Practitioners in Community Mental Health Teams (CMHTs) frequently find that traditional forms of support are ineffective when offered to patients with personality disorder. This book considers the various difficulties encountered, with reference to current thinking about the origins, maintenance and treatment of personality disorder. Written by practitioners for practitioners, it provides a framework for developing effective care plans with minimal use of technical terms and jargon. Rather than promote an approach based on a single theoretical model, consideration is given to ways in which different approaches can be effectively combined within a multi-disciplinary team. The book is divided into two sections. The first outlines recent government initiatives relating to personality disorder and introduces key theories underlying psychological and biological treatments.
The second focuses specifically on the role of the CMHT in relation to patients with these difficulties, including:* the assessment of personality functioning* developing coherent plans for treatment and support* optimising the therapeutic relationship* managing self-harming behaviour* particular challenges faced by CMHTs, and how to overcome them* the views of service users* involving family, friends and carers. Personality Disorder and Community Mental Health Teams deals with the reality of services today. It is essential reading for all mental health practitioners in CMHTs working with people with personality disorder.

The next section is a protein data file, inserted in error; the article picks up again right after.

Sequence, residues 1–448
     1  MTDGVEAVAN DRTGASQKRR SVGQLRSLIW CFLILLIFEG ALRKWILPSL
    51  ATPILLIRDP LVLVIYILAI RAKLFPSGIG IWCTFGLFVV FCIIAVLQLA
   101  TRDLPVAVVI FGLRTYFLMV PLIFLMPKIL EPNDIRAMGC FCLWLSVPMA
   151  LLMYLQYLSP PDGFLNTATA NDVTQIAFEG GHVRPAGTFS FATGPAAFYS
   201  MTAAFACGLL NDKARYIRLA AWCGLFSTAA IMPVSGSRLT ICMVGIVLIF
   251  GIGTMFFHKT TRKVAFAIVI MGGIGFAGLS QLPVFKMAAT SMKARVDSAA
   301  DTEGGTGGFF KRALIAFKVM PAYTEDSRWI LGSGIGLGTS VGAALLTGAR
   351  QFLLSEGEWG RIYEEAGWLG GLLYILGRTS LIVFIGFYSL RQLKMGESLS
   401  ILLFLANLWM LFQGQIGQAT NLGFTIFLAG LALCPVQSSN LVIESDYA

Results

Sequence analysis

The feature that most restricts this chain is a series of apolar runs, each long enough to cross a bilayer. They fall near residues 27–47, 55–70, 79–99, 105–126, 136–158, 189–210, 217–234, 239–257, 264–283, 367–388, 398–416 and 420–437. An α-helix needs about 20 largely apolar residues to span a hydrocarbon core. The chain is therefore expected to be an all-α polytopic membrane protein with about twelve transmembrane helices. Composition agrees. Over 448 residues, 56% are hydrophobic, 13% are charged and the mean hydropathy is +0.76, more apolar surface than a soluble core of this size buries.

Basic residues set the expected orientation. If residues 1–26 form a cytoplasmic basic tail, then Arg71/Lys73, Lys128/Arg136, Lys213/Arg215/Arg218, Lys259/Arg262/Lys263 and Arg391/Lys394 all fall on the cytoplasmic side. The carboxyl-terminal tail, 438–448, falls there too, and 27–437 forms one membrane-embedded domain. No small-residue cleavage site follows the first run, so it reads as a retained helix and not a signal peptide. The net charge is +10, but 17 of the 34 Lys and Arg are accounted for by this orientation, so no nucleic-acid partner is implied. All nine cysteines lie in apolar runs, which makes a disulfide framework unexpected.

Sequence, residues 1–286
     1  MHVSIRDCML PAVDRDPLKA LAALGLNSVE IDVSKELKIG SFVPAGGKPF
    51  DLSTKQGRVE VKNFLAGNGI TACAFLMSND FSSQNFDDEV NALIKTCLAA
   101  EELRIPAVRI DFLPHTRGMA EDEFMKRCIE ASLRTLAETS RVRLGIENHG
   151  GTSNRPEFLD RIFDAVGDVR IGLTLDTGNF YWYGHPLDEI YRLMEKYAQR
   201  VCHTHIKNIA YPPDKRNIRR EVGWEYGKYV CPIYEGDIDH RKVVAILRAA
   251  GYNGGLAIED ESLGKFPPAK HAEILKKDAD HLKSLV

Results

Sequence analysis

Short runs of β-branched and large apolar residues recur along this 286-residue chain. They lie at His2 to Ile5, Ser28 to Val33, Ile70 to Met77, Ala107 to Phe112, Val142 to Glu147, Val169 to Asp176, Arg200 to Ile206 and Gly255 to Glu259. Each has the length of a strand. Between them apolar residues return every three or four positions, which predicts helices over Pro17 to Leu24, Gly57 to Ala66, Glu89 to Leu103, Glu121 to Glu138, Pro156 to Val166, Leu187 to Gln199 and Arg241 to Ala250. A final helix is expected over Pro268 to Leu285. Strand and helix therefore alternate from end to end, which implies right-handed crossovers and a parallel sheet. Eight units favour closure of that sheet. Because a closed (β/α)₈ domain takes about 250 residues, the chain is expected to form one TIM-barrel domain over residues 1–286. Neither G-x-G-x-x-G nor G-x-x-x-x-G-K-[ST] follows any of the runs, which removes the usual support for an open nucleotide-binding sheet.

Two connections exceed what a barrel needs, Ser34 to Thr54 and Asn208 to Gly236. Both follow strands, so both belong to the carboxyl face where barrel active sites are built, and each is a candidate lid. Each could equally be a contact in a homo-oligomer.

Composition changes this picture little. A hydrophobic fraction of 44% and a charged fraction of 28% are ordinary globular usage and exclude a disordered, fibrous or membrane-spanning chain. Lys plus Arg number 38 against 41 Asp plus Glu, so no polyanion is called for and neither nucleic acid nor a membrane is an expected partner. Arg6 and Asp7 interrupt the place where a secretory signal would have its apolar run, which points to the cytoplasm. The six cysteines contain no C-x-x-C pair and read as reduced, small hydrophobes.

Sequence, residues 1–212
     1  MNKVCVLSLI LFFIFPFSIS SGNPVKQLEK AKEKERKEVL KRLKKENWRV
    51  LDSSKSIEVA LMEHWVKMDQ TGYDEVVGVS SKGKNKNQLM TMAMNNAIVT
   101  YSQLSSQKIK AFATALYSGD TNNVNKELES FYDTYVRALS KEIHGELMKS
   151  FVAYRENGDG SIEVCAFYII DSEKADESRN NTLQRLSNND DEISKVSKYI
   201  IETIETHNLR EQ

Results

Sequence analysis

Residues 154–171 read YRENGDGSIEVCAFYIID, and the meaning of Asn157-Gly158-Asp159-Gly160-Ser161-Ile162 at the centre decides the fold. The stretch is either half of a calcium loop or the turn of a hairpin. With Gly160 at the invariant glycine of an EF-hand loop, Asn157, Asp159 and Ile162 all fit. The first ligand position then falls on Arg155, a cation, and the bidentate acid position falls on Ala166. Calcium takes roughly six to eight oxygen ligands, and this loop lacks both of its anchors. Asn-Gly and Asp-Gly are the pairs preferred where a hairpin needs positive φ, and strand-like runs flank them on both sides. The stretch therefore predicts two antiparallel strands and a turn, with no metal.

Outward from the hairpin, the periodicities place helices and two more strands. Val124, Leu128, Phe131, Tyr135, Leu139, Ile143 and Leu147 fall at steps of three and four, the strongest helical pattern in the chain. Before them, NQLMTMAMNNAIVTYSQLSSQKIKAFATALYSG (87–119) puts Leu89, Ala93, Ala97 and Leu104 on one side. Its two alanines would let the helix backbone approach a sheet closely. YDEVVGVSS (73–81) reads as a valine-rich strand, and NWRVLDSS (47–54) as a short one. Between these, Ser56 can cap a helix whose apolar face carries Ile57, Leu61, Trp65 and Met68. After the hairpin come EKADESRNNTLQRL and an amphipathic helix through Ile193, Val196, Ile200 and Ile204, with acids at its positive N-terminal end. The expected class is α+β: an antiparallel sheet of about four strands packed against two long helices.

Mark Sampson works as a clinical psychologist in two Community Mental Health Teams (CMHTs) in South Manchester. He has been a part of these teams for the past five years and during this time developed experience and expertise in working with patients with personality disorder. He originally trained as a general and psychiatric nurse before studying psychology, obtaining a doctorate in clinical psychology from the University of Manchester in 1999. He uses integrative approaches to working with patients with personality disorders, but is strongly influenced by cognitive and cognitive analytic therapies. Remy McCubbin first studied Biology at Southhampton University, graduating in 1987. He went on to study for a MA in Psychology at Nottingham University, graduating in 1993, before working on an evaluation of three CMHTs in the Midlands. In 1998 he completed a doctorate in clinical psychology, since which time he has worked across several community teams in South Manchester. This has inspired an interest in personality disorder, and has led to a recognition of the importance of such difficulties in the response to treatment of many people seen by these services. He has an interest in several forms of therapy, and the potential advantages of integrating various approaches within multi-disciplinary interventions. Away from personality disorder, he has an interest in the role of affective avoidance in the maintenance of various Axis I and Axis II disorders. Peter Tyrer is the Head of the Department of Psychological Medicine at Imperial College, London, Honorary Consultant in Rehabilitation Psychiatry, Central North West London Mental Health NHS Trust, and Honorary Consultant in Assertive Outreach (IMPACT team) in West London Mental Health Trust. He obtained his medical qualifications at the University of Cambridge at St Thomas's Hospital London in 1965 and trained in psychiatry at the Maudsley Hospital and Institute of Psychiatry, London. He has carried out research into personality disorder since he was a medical student and has published two books and over 100 original articles on the subject. He is the founder president of the British and Irish Group for the Study of Personality Disorders and the Co-Chair of the Section on Personality Disorders of the World Psychiatric Association. He is a Fellow of the Academy of Medical Sciences, of the Faculty of Public Health, of the Royal College of Physicians, and of the Royal College of Psychiatrists. He is the Editor of the British Journal of Psychiatry and on the editorial board of seven other journals. Despite his academic interests he still regards himself primarily as a 'coal-face' psychiatrist, who has learnt most from his patients-and among the most stimulating and challenging of these have been those with personality disorder.